The Oilheat Manufacturers Association, in the person of OMA Technical Director John E. Batey, came to the support of fuel oil dealers in Connecticut. Batey submitted extensive comments on what is called the “Comprehensive Energy Strategy” developed by the state’s Department of Energy and Environmental Protection. Batey lays out a case for biodiesel blended with ultra-low sulfur heating oil, and high-efficiency equipment. The combination of the blended fuel and the latest equipment beats both natural gas and electric heat pumps, Batey says on behalf of OMA and the Connecticut Energy Marketers Association. Since the argument can be deployed out-of-state, so to speak, we published Batey’s (and OMA’s) case, with his blessing, in almost its entirety in the February print and digital issues of Fuel Oil News (see the cover story, “OMA Critiques Connecticut Energy Plan,” pg. 13.) Oil dealers in other states might take it as a prompt on how to address similar challenges they face.
OMA, Parsippany, N.J., represents manufacturers of oil-fired heating equipment. In his technical and engineering review of the Comprehensive Energy Strategy (CES), Batey notes that an estimated 40% of homeowners in the state use oil heat. He writes:
“I believe that many underlying assumptions on the cost, cleanliness and reliability of energy sources need to be revisited and adjusted. They appear to be based on a lack of understanding of the performance of the current state of oil heating equipment and advanced fuels. The CES’s stated plan to move from oil heat to natural gas and electric heat pumps, despite past and recent equipment efficiency and emissions advances, are not in the best interest of the 40 percent of Connecticut homeowners who currently use oil. Upgrading oil heat equipment is lower in cost than fuel switching, provides air emissions reductions comparable to natural gas, and can lower greenhouse gas emissions below natural gas with the use of ultra-low sulfur (ULS) heating oil mandated in Connecticut in 2018, and the expanding use of renewable biodiesel.”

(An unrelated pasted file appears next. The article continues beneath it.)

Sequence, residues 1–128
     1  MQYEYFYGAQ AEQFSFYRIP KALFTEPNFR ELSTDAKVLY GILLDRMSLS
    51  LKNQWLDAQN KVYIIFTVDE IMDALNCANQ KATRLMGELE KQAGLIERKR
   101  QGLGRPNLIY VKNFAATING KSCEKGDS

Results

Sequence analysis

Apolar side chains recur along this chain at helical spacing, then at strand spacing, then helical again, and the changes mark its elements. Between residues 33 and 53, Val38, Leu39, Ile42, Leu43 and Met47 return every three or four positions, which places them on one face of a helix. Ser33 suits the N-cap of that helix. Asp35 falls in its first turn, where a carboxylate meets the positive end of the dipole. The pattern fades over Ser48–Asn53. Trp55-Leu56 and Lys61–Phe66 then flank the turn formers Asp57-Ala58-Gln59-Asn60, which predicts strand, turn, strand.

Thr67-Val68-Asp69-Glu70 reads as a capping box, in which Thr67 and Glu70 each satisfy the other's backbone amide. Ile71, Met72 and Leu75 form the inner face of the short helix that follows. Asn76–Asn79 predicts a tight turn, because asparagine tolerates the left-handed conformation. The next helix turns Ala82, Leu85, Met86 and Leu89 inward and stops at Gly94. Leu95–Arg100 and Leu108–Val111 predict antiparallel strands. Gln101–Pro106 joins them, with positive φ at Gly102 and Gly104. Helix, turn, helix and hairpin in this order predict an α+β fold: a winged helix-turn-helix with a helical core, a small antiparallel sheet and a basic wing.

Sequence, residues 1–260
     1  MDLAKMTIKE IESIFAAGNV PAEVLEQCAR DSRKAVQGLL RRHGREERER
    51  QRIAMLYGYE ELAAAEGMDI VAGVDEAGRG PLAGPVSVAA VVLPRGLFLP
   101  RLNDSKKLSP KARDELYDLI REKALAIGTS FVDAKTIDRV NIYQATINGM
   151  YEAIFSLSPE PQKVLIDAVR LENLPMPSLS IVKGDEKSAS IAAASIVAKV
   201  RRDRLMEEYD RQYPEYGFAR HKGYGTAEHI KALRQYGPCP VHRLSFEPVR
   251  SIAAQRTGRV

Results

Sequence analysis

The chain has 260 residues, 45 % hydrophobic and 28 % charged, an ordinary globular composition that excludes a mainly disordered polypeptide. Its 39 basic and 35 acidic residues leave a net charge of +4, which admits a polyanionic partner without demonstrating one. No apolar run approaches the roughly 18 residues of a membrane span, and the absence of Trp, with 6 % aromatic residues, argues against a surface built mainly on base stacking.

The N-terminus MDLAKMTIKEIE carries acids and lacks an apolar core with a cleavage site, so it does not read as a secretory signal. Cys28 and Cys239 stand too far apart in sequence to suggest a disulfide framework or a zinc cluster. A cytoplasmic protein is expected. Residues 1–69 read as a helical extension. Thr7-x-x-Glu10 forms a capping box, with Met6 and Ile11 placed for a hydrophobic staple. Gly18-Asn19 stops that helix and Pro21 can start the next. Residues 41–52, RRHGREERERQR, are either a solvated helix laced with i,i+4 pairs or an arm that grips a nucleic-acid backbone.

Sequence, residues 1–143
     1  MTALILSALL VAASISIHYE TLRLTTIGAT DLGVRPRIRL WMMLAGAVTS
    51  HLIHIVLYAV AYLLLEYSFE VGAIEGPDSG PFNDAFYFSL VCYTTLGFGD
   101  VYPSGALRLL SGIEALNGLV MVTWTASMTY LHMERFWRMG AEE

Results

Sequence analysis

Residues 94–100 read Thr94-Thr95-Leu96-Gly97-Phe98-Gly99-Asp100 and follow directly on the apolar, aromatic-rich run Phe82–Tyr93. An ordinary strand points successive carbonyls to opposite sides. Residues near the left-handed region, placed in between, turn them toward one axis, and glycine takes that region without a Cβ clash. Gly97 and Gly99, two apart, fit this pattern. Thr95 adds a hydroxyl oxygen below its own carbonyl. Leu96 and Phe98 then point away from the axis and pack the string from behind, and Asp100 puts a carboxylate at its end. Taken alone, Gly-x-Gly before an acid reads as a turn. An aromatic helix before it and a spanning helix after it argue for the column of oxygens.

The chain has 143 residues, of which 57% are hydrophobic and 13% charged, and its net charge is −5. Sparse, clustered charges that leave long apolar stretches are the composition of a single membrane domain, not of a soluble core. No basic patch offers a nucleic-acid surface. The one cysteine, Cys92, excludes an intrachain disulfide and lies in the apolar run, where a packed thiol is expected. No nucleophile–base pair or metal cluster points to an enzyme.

With this boost from OMA, the Connecticut Energy Marketers Association aims to push the state’s energy policy makers to recognize the merits of biodiesel blended with ultra-low sulfur fuel, says Chris Herb, president of the Connecticut dealers’ group. “Our regulators conveniently do not want to deal with the fact that [electricity] is generated not only by natural gas, but it’s also generated by coal and other fuels that are not zer0-emissions,” Herb says. “Electricity is not emissions-free. Our regulators, that are supposed to be in charge of protecting the environment, are conveniently just looking at burner-tech emissions instead of the life-cycle analysis of fuel.”
Herb described the association’s plan to instill a comprehensive view in policy makers:
“Step one was for us to overwhelm them with our story and with the facts,” Herb says, “and I think that phase can be considered a success because DEEP has already publicly stated that they’re reevaluating the replacement of oil heat and propane systems with electric heat pumps. They did publicly acknowledge that they did not know a lot about how to look at the life-cycle analysis of fuel that’s produced from the well-head to the burner tip—that the burner tip is what they’ve been focused on. So, their public acknowledgment of that…sets us up very well to have a conversation with policy makers.”